Moving from the cities to a natural world almost more spectacular than anywhere on earth does not bring trite observations from Volk but thoughtful responses. Not positioned over an experience, but under it, teachable. Except, the memorable encounter with piranhas! But, even then, ‘possibly piranhas love their young?’

Her photograph of Machu Picchu is as unusual as the thoughts she has of this place, expressed in liquid, flowing lines and memorable images. We travel, breathless, on the Andean Explorer, and feel we’ve made this ten hour train trip in two pages of a poem.

Time is indeed, the essence of the two travel poems at the beginning and conclusion of the book. There is much to ponder and agree with as we read, reflecting on leaping across time zones,


            “…for what we have been given

               has been a time of richness

               which like life itself,

               (this also borrowed time)

               demands our gratitude,

               our willingness to move ahead,

               in faith,

              accepting golden sunsets

              and the dying of the day.”

 Julia Archer


Ian Keast  Studio , No.145, 2019 pp.70-71 review.

This is a striking book, from the grandeur of the cover photograph, through its poems and photographs which trace the author’s South American journey.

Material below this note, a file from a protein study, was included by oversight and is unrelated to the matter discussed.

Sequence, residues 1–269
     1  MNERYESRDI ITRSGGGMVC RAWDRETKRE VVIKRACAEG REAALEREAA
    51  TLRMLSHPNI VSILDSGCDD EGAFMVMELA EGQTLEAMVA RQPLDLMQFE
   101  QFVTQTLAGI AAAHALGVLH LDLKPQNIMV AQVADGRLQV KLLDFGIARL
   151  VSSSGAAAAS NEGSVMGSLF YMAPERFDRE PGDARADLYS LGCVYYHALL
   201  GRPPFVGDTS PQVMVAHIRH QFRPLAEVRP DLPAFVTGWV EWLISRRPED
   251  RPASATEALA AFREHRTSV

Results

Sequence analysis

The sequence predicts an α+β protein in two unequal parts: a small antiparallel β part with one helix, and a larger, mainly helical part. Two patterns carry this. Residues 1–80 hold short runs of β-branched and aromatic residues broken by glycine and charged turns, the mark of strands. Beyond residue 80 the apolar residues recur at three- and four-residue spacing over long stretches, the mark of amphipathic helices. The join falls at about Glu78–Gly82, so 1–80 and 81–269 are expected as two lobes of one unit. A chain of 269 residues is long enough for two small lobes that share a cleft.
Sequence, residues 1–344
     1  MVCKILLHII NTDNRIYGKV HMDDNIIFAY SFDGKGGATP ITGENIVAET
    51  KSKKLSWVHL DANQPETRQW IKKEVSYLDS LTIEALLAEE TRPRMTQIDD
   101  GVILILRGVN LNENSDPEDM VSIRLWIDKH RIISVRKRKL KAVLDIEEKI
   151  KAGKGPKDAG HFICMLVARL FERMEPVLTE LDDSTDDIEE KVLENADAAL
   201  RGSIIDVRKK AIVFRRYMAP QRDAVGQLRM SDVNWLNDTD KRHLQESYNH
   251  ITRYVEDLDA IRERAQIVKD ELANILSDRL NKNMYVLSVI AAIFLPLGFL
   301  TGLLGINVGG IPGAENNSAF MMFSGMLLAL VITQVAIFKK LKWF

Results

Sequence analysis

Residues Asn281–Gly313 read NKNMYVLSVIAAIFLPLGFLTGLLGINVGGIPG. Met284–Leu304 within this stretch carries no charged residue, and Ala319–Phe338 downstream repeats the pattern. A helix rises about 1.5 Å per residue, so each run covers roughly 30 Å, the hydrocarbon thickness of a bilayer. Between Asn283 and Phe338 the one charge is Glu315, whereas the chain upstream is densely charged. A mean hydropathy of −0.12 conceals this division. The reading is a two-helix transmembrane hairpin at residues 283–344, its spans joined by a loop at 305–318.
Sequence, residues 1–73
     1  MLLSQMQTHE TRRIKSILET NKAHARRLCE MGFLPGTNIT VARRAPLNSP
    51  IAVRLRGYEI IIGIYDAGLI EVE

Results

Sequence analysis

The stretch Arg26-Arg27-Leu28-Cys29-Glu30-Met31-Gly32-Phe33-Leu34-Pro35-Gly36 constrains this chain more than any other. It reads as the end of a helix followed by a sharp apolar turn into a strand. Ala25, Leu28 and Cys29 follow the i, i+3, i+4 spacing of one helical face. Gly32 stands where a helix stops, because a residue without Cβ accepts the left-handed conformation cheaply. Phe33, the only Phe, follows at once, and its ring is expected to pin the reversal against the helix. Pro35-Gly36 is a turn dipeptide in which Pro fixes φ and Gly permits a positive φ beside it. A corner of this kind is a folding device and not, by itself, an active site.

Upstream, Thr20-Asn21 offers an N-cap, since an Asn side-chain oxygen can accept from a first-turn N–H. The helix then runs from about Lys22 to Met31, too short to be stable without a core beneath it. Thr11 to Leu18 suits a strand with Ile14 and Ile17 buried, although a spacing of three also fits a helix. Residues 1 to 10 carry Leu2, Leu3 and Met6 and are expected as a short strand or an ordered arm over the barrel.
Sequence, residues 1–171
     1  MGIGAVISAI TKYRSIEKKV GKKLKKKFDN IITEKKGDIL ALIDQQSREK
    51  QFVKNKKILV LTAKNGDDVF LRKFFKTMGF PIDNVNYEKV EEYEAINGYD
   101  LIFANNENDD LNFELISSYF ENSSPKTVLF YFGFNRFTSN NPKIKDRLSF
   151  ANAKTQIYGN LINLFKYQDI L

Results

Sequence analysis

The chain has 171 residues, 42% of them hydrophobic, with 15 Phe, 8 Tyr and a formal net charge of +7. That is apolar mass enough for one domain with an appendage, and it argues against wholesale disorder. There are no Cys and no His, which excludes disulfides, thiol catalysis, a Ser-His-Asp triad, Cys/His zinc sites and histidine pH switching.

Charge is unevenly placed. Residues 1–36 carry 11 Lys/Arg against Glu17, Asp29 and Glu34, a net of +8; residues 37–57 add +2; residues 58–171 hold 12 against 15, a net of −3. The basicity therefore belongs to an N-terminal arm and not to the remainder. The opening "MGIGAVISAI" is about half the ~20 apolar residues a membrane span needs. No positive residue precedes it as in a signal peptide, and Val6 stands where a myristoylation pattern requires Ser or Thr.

Valerie Volk is a frequent contributor to Studio. She is an Adelaide-based writer, writing across several genres, including verse novel, short story, historical fiction, as well as poetry.This type of book – another critic has described it, “as a collection of poetic postcards from South America” – follows a similar publication, Indochina Days (2015), which captured her travels in Vietnam and Cambodia.

 The publisher’s blurb describes the book, “as a personal invitation in thr form of a poem a day to join the writer in strange and exotic places”, in Chile, Argentina, Brazil, Peru, Ecuador and The Galapagos. Her observations of life in all its variety – human and natural – are acute and sensually detailed. Take, for example, “The streets of Valparaiso”


            Clinging to steep hills,

             precariously, I feel,

            these toy town houses …

             so colorful.

             these brilliant dots and splashes …


or, from “Cementerio de la Recoleta”

             Winds sigh through trees.

            Whispering ghosts in family tombs

            recall the days that they have known.

            In bronze, in stone, in marble,

            adorned with columns, friezes …

 The book’s richness is that it offers far more – visually, as well as in the poet’s reactions and insights. A feature of these, “poetic postcards”, is that well chosen photos accompany each poem. There is a dialogue established between poem and photograph, word and image, each enhancing the other. Their mutual interaction adds to the reader’s understanding and response. Any poem-photo could show this, but one I found most fascinating was “Floralis Generica”. So beautiful, this flower, is the opening line. The poem describes “this flower” as man-made and symbolic and the good reason for this …

             True concept of a modern age